Note: This was originally posted on the Urban @ ABQ website on 5/19/13. I am posting this here so I can have a copy on my site. The original post also had a different picture. Find the original post here. Thanks for reading and please comment!
Picture this: it’s a beautiful spring Saturday morning in Albuquerque, New Mexico. The Paseo del Bosque multi-use trail is filled with families and other users. A few blocks away, Downtown Albuquerque is empty. Most of the businesses are closed; the few open ones are struggling. What if the trail users, many of whom are on bikes, could be drawn into Downtown? What if we could combine pedal power and people power into a boost for small local businesses?
The Bicycle Friendly Business District (BFBD) initiative aims to accomplish this. Connecting bicycle users to small businesses is a great way to incubate the local economy, encourage people to use their bicycle and activate previously underutilized places.
What is a BFBD?
According to Green Octopus Consulting, a pioneer of this initiative, “a BFBD is a commercial district where the merchants encourage people to bike to the area to shop and dine – and where merchants and employees ride, too. BFBDs integrate bikes into a district’s operations, events, and promotions.” (Economides, April).
In Albuquerque, this treatment could easily be applied to these existing business districts:
South 4th St. (Barelas)
The Bricklight District
Silver at UNM
EDo (East Downtown)
San Pedro (between Lomas & Constitution)
+ a handful of other corridors scattered around the city.
Urban at ABQ is targeting Downtown as the location of the first BFBD in Albuquerque.
Is there proof of bicycles being good for business?
Yes! The NYC DOT recently released a report about the impacts of bicycle and pedestrian oriented infrastructure changes. It showed retail sales increasing between 49%-172% in areas where bicycle or pedestrian infrastructure was created or improved (Measuring the Streets: New Metrics for 21st Century Streets). In addition, the impacted corridors became much safer. Injuries and fatalities declined dramatically for all road users, especially automobile drivers. Safer streets are better for businesses too.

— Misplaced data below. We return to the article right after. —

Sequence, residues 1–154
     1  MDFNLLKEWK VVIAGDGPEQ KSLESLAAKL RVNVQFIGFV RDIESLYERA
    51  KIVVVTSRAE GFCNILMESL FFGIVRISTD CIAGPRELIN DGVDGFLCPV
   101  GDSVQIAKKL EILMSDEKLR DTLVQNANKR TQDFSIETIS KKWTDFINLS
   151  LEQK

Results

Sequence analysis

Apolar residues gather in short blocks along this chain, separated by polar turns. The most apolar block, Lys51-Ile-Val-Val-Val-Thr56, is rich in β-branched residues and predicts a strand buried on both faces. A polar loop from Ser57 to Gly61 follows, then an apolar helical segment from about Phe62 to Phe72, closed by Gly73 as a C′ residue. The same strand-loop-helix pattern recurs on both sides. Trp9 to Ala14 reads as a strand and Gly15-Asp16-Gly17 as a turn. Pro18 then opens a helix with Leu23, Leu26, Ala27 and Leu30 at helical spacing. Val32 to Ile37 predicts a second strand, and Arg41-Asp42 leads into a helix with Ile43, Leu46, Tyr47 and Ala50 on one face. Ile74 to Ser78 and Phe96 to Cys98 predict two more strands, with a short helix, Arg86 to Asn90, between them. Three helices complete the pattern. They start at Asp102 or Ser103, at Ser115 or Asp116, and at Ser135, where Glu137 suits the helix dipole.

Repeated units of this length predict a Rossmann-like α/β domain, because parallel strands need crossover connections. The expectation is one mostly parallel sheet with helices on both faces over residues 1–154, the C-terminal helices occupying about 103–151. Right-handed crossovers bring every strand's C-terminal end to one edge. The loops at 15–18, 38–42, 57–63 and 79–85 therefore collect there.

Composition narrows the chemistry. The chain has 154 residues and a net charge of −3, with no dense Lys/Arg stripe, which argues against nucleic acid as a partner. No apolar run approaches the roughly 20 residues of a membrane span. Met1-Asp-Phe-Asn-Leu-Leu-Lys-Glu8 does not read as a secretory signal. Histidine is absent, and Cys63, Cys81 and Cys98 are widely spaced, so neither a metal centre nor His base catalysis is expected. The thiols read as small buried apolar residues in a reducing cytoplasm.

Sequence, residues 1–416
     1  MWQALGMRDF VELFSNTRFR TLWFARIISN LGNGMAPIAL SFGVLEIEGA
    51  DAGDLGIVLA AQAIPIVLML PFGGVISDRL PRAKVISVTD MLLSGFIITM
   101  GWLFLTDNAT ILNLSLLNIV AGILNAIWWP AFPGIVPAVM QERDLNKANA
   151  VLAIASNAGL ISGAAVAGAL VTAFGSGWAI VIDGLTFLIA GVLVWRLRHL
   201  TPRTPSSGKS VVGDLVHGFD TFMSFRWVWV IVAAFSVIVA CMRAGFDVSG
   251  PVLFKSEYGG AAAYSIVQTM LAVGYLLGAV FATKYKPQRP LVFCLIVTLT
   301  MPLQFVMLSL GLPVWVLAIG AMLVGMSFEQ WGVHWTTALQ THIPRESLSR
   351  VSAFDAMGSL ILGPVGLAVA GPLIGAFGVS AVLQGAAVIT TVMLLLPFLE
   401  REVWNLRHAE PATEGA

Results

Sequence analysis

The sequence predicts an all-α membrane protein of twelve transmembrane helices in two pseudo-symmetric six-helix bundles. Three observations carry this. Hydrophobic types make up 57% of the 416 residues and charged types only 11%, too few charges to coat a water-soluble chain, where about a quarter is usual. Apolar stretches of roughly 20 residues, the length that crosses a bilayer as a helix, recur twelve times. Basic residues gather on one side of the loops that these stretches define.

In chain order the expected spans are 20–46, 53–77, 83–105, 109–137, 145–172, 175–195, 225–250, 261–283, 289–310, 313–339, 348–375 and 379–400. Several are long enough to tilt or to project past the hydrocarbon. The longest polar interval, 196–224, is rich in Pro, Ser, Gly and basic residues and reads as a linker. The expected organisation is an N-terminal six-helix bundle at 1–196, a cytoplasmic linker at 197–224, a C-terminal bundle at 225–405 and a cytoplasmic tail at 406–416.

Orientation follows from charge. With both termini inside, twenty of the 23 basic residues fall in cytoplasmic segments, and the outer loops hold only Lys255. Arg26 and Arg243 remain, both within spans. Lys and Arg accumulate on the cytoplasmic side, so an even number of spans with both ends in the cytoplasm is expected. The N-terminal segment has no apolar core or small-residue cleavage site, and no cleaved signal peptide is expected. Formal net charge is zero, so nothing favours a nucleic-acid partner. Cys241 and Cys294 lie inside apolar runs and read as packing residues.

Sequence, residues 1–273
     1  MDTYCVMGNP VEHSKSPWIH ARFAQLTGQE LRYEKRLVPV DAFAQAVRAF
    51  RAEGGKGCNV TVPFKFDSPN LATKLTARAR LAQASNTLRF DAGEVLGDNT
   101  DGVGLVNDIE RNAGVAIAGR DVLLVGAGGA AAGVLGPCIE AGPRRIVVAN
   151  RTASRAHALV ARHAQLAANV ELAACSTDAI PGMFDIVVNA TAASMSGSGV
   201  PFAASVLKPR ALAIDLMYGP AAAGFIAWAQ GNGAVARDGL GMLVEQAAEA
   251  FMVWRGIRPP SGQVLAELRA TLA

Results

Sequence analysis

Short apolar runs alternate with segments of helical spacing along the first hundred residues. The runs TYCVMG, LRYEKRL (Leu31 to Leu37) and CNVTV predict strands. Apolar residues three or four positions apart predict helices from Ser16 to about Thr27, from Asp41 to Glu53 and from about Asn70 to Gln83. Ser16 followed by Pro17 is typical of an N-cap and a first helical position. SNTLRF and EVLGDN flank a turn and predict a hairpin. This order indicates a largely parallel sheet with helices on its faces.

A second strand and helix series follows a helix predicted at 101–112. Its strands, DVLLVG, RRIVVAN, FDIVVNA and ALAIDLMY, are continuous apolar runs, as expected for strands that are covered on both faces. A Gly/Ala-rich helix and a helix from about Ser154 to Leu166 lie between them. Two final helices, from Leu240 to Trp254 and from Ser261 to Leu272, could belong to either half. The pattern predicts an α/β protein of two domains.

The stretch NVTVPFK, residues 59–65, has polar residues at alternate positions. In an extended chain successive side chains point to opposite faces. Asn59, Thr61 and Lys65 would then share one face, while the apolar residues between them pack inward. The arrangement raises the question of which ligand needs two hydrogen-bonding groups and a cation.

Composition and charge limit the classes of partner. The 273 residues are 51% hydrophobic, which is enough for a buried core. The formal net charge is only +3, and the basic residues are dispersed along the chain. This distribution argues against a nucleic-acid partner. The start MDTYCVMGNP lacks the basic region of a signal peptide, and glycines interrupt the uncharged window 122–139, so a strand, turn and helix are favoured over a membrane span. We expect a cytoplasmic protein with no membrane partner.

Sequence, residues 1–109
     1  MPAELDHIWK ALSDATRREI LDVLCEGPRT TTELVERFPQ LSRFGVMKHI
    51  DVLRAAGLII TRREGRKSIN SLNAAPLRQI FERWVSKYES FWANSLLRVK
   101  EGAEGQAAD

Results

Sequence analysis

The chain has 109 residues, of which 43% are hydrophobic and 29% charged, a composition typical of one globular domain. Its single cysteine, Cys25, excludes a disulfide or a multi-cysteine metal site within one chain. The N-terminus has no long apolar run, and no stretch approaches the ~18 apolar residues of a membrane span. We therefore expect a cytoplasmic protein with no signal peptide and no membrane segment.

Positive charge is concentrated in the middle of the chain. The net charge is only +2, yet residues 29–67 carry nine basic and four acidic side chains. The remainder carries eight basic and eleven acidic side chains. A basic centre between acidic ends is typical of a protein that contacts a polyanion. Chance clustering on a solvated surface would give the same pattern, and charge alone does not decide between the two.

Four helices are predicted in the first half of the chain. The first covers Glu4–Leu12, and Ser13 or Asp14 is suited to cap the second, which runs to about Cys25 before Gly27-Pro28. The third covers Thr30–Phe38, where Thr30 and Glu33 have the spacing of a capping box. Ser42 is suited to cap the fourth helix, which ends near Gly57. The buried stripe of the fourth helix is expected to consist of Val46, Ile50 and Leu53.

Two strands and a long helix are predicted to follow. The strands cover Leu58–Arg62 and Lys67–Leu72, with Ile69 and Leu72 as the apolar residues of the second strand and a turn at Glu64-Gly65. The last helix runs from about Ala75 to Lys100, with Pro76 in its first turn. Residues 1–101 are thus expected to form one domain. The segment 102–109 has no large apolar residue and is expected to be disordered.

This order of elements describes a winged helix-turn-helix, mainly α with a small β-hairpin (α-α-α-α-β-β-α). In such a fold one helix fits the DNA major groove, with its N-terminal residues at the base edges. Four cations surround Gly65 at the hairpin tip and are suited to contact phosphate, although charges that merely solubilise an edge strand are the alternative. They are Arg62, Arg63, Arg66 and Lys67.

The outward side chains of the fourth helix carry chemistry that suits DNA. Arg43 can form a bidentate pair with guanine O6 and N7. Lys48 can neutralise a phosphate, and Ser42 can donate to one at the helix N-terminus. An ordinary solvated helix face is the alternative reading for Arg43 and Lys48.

The typical response to this would be, “New York City has nothing to do with Downtown Albuquerque! There is no way this would work in Albuquerque!” In that case, let’s examine an example that’s closer to home: Long Beach, CA. Long Beach is the pioneer of the BFBDconcept. In areas where the BFBD treatment has been applied, 18 new bike related businesses opened over the course of one year (Green Octopus Consulting). Long Beach Mayor Bob Foster understands the value of bikes: “‘I see parts of the city on my bike that I would never even notice if I was just driving,’ he said. ‘It’s a way for me personally to get closer to the city’” (Streetsblog, 3/13/12; Snyder, Tanya).
Bicycle tourism is also on the ride. People come from all over the world to bicycle tourism hubs to spend time and money. In Colorado, our neighbor to the north, bicycle tourism is a $1 billion/year industry (Economides, April).
It’s the Parking Stupid!
One of the major complaints about visiting Downtown is the difficulty of parking. It’s not necessarily an issue of quantity but the ability to find a reasonably priced parking space. Bike corrals, a key part of the BFBD formula, can help to alleviate this issue. A bike corral replaces a single curbside parking space with a bike rack.
This can be a game changer for a local business. Why? Where 1-4 customers previously parked, up to 14 customers can now park! Did I mention that bike parking is also free? Developers in other American cities understand that “it’s a lot easier to install 127 bicycle parking spaces than to build a parking lot.” (Jacklet, Ben; Oregon Business; 1/11)